If you think about it, with few exceptions, so much of the source data used by the media and consumer from the real estate market is from compromised resources within the real estate community. Then that news becomes a resource, and its a viscious (a bit melodramatic) cycle.

In other words, the stats are coming from people whose livlihood is dependent on how well the market does. I’m not suggesting that all stats are misleading. Some of the info is great, some is spun and some is presented naively. I am not sure how the consumer can tell the difference.

Its important that readers understand the source of the information they are relying on and take that with a grain of salt. I guess the moral of the story is “don’t believe everything you read.”

Here are some seemingly random thoughts:

  • The National Association of Realtors (NAR) is a powerful trade group who mission is to promote the real estate brokerage profession. They are the primary source of key housing stats like existing home sales and pending home sales indexes. They produce some interesting stuff we all rely on, but by definition, its spin.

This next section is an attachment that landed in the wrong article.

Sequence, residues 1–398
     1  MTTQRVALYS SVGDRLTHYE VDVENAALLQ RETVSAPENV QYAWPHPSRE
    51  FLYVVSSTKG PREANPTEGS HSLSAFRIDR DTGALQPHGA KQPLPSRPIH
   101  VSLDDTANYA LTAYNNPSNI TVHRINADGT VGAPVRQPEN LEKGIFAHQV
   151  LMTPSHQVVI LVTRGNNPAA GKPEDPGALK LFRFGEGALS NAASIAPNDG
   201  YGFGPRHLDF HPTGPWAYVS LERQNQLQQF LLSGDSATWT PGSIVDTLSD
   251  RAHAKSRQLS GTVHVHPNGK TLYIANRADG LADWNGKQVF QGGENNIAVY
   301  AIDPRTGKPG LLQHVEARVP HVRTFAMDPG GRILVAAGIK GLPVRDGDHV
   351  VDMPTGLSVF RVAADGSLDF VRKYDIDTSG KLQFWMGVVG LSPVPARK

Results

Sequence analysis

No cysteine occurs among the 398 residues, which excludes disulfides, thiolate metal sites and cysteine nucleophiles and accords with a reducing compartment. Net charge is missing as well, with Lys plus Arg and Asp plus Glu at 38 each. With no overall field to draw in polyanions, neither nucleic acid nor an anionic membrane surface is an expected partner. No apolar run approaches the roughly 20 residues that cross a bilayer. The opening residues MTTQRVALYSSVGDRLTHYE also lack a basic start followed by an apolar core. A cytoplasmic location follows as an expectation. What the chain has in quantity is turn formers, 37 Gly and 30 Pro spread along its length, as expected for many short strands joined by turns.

• Local MLS and real estate brokers are spokesman for the market: Same as NAR but on a local level. In a changing market, they tend to go on the offensive and use historical trends [Matrix] as support for the argument that the market is currently “strong.”

  • The use of “Chief Economists” [Matrix] for these trade groups and companies who are there only to “spin”, under the guise that their position is prestigious, above the fray, and are providing a neutral opinion.

  • The production of market reports whose stats are “cherry-picked” to show the most extreme results.